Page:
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The Water House, London – My new kitchen

The Water House, London – My new kitchen

The eco-warriors from London’s Acorn House have opened their second restaurant – and with Water House they’ve taken planet saving even further. Diane Lane went to find out more

Enough is as good as a feast, the saying goes. This was the philosophy applied when furnishing the kitchen at Water House, the second venture from Arthur Potts Dawson and Jamie Grainger-Smith, in tandem with charitable regeneration agency the Shoreditch Trust – the same team that together brought us Acorn House, described as London’s most sustainable restaurant.

“It’s a basic kitchen designed on adaptability and energy conservation,” says Potts Dawson, who served an apprenticeship with the Roux brothers and spent four years at the River Café with Rose Gray and Ruth Rogers – they “feminised me”, he says.

“The kitchen does what it needs to and only takes up the space it needs,” Potts Dawson adds. Of course, Acorn House was designed to be eco-friendly but the 64-seat Water House takes sustainability to a whole new level and is arguably the greenest urban restaurant in the world. It’s the second restaurant in a planned collection of five based on the “elements” – wood, water, fire, earth and metal.

Water is the theme here – and it’s located, appropriately, on the bank of Regent’s Canal in Shoreditch, east London. But the water element doesn’t stop at the view from the floor-to-ceiling windows. The canal plays its part by lending itself to a heat-transfer system that pumps hot water into pipes in the floor and cold water into pipes in the ceiling to create a comfortable ambient room temperature without the need for normal air conditioning.

Additionally, 50 solar panels on the building’s roof generate photovoltaic electricity. The power for cooking is in the form of hydro-electricity sourced from Scotland and part of the brief to Mike Bridger of Airdale Catering Equipment, who worked with Potts Dawson on the design and installed the kitchen, was that all the equipment had to be electric.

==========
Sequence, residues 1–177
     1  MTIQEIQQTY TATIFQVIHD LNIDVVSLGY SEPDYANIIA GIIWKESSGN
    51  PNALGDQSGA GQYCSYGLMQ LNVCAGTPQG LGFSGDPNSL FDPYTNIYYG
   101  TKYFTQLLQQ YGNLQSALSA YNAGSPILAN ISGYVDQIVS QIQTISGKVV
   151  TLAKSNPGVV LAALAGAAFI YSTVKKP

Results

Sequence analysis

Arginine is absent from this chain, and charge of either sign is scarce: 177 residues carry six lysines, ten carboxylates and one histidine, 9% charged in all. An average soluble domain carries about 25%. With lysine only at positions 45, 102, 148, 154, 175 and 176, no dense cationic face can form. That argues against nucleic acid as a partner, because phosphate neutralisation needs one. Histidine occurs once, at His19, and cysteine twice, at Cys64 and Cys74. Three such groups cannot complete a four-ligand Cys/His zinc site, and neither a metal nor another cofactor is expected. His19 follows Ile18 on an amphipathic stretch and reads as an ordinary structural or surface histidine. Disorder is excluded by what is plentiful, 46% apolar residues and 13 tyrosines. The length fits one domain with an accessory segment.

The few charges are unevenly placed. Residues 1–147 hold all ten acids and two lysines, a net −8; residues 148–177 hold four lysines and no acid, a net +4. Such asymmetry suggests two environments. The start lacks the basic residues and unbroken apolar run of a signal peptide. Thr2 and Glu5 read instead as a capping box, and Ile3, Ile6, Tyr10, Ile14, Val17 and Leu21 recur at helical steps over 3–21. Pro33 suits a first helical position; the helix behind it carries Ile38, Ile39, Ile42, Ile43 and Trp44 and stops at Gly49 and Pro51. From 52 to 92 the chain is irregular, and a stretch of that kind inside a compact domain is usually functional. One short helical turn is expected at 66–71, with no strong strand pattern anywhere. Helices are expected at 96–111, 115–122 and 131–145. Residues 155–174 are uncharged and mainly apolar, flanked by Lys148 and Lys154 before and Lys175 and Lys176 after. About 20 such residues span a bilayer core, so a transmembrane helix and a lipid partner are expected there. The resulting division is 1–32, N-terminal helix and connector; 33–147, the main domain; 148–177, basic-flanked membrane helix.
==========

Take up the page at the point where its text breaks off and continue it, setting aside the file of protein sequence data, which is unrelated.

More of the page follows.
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“Arthur wanted induction technology, which uses energy only when a pan is on the hob,” Bridger says.”And every single item had to have several uses – for instance, a bench that could be used by the baker early in the morning, then by the breakfast chef, then for lunch prep.” Even the number of Bourgeat pans is limited to the minimum. (Potts Dawson is currently testing some NakedPans, produced by Japanese company Oigen using 75% recycled cast iron and 25% new cast iron.)

The cooking line is from the Garland Ultra series by Enodis and incorporates four 5kW induction hobs with touch controls, a 20-litre capacity pasta cooker with three baskets, a 15mm-thick steel griddle plate with both smooth and grooved surfaces, a twin-six-litre-pan deep-fat fryer and a four-ring electric range with oven. An electric salamander and a six-grid Rational SelfCookingCenter to one side complete the cooking set-up. The absence of gas means no carbon is produced and lessens the demand on the ventilation canopy. It also makes for a better working environment for the eight-strong brigade, led by senior chef Marie Gonfond.

Hydrocarbon-refrigerated Gastro Pro Counters from Foster Refrigerator were chosen for their increased energy efficiency over HFC refrigerants.

Backing on to the cooking range is a Hobart hood dishwasher into which is pumped an ozone dishwashing system, dispensing with the need for traditional dishwashing chemicals and permitting a lower wash temperature. Even the cleaning of the kitchen is chemical-free: the team uses Microfibre cloths and mitts, which work with just water and a bit of elbow grease. A GreasePak Biological Drain Maintenance System ensures that any fat deposited into the drainage system is broken down, although this is kept to a minimum by collecting waste oil in a bucket. Similar buckets are placed around the kitchen for collection of food waste which is composted by way of 2,000 hungry mouths in the Can-O-Worms wormery and dispersed among the tubs of herbs and bay trees outside the restaurant’s entrance.

The kitchen is open and “an extension of the dining room”, Potts Dawson says. Even dry goods are on display on wooden shelves. “Having the kitchen on show pressurises chefs to perform to a high standard and shows they have nothing to hide and can be approached,” he says.

The menu is based on what is at the height of season, “so we can provide a fairly-priced product,” Potts Dawson says. Produce is organic and only MSC-certified fish is used. All deliveries come in reuseable tubs which are returned to suppliers for future deliveries.

Financed by the Shoreditch Trust, the cost of setting up the business was £750,000-£800,000, with kitchen equipment accounting for £85,000-£90,000 of that. Profit goes back to the charity for the regeneration of the area.


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